The future cost of your healthcare isn’t necessarily the first thing you think about when looking into bariatric surgery – most people have tried to lose weight in the past and now have looked to surgery in order to help them lose weight and get rid of their weight-related medical problems. However, the cost of healthcare is a big priority for health insurances and other healthcare industries.
So the question is – does it cost more to take care of someone who is obese, or for them to have bariatric surgery?
There have been a few studies performed trying to find the answer to this question. One recent study looked at people between 2007 and 2008 and compared pharmacy costs among two groups of 2700 people with the diagnosis of obesity – ones that had bariatric surgery and ones that did not. The costs were evaluated over the next 4 years. It was noted that immediately after surgery the costs for the surgical group was higher (average of $3098 vs. $2303), but for the next 3 years, the costs became lower. After four years the cumulative costs of medications was $8411 for the surgery group and $9900 for those who did not have surgery. This mainly was due to the surgical group people not needing or needing less medication for chronic problems like diabetes and high blood pressure.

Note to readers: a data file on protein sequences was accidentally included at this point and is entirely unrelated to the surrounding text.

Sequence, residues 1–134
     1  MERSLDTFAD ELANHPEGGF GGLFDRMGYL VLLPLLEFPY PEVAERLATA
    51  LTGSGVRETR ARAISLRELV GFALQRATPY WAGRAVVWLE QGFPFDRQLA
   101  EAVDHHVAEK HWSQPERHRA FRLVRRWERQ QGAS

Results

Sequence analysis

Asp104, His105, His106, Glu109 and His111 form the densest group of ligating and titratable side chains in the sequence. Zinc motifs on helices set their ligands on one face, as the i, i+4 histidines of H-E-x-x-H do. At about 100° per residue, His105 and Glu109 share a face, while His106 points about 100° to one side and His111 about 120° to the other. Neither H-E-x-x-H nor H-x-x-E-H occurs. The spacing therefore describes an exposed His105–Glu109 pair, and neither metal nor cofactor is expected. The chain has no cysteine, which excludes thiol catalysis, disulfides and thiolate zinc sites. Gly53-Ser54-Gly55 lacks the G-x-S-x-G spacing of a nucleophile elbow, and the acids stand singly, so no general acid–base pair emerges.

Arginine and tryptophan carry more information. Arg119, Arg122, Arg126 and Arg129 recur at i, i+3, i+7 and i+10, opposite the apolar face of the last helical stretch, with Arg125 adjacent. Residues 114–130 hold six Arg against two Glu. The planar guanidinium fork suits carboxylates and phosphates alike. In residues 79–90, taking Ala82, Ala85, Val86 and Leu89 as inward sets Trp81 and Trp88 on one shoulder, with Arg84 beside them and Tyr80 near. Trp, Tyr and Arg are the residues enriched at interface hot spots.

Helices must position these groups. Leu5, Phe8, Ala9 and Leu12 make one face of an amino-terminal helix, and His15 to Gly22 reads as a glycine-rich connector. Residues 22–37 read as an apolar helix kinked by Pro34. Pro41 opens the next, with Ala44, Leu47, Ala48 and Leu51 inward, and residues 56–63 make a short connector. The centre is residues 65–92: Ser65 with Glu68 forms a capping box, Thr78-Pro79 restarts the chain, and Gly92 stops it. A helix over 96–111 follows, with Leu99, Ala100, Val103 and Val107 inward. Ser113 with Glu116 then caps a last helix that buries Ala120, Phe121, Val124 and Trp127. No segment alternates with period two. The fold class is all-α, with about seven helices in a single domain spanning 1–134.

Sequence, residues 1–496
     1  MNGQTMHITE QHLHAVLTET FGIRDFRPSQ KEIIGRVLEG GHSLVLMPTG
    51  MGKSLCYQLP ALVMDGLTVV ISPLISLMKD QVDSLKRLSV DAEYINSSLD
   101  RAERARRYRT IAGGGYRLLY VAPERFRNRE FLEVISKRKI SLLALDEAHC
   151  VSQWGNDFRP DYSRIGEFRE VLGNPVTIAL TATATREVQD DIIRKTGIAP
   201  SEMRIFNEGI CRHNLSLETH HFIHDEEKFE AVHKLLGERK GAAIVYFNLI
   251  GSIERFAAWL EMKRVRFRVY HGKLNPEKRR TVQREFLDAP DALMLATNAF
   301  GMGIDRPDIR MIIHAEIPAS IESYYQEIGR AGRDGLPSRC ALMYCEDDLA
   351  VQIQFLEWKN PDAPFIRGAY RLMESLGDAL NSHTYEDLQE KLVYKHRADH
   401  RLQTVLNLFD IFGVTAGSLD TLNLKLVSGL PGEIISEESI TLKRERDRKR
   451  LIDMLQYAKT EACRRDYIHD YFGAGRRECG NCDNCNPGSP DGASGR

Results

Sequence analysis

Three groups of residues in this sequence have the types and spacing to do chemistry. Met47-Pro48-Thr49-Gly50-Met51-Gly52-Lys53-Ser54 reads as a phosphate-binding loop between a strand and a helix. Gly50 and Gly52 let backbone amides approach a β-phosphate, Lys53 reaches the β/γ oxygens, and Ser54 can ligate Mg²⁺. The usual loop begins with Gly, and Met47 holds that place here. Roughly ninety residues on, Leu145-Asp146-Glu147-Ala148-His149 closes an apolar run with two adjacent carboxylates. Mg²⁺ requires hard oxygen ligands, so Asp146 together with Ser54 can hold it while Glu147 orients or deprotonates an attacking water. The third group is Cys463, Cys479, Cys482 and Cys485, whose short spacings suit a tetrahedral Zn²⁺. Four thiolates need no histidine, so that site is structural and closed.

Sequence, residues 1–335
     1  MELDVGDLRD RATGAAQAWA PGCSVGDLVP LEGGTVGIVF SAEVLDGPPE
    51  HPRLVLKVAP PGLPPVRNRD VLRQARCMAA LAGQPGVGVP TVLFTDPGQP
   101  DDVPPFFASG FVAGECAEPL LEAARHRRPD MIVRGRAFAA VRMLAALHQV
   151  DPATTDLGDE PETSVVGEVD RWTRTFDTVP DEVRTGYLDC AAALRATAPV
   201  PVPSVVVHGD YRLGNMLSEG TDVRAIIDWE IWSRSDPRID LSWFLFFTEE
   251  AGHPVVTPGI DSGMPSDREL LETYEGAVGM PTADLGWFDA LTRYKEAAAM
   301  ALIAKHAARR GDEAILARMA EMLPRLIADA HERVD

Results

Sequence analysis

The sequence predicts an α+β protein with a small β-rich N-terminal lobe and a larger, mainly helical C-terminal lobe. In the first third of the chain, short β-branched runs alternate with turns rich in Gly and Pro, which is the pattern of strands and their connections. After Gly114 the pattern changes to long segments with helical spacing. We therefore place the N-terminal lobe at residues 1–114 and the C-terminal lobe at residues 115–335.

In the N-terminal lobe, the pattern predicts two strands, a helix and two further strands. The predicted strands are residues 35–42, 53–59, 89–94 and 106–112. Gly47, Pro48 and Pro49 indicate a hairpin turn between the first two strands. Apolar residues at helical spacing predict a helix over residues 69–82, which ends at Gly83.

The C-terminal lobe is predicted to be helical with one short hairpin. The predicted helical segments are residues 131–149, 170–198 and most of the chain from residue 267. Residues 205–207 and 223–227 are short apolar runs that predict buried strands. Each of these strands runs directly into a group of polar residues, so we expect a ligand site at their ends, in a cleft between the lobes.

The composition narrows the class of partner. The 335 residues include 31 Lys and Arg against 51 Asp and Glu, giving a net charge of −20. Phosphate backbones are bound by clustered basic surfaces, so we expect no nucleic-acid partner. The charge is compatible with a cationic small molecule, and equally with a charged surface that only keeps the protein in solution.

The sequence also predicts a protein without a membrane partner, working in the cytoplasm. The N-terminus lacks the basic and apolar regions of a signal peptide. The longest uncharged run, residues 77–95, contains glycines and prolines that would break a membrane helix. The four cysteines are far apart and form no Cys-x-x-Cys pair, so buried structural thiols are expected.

So at four years out, average pharmacy costs for an individual who had bariatric surgery were 22.6% lower than those who did not have bariatric surgery. One would expect those cost savings to continue over the course of a person’s life, as conditions like high blood pressure and diabetes almost never go away and usually get worse if nothing is done to change overall health or weight.
And all this still does not take into account the changes in life that come with sustained weight loss – things that you cannot put a price tag on – the ability to move around without difficulty, extra energy, improved health. All are things to take into consideration when deciding on bariatric surgery.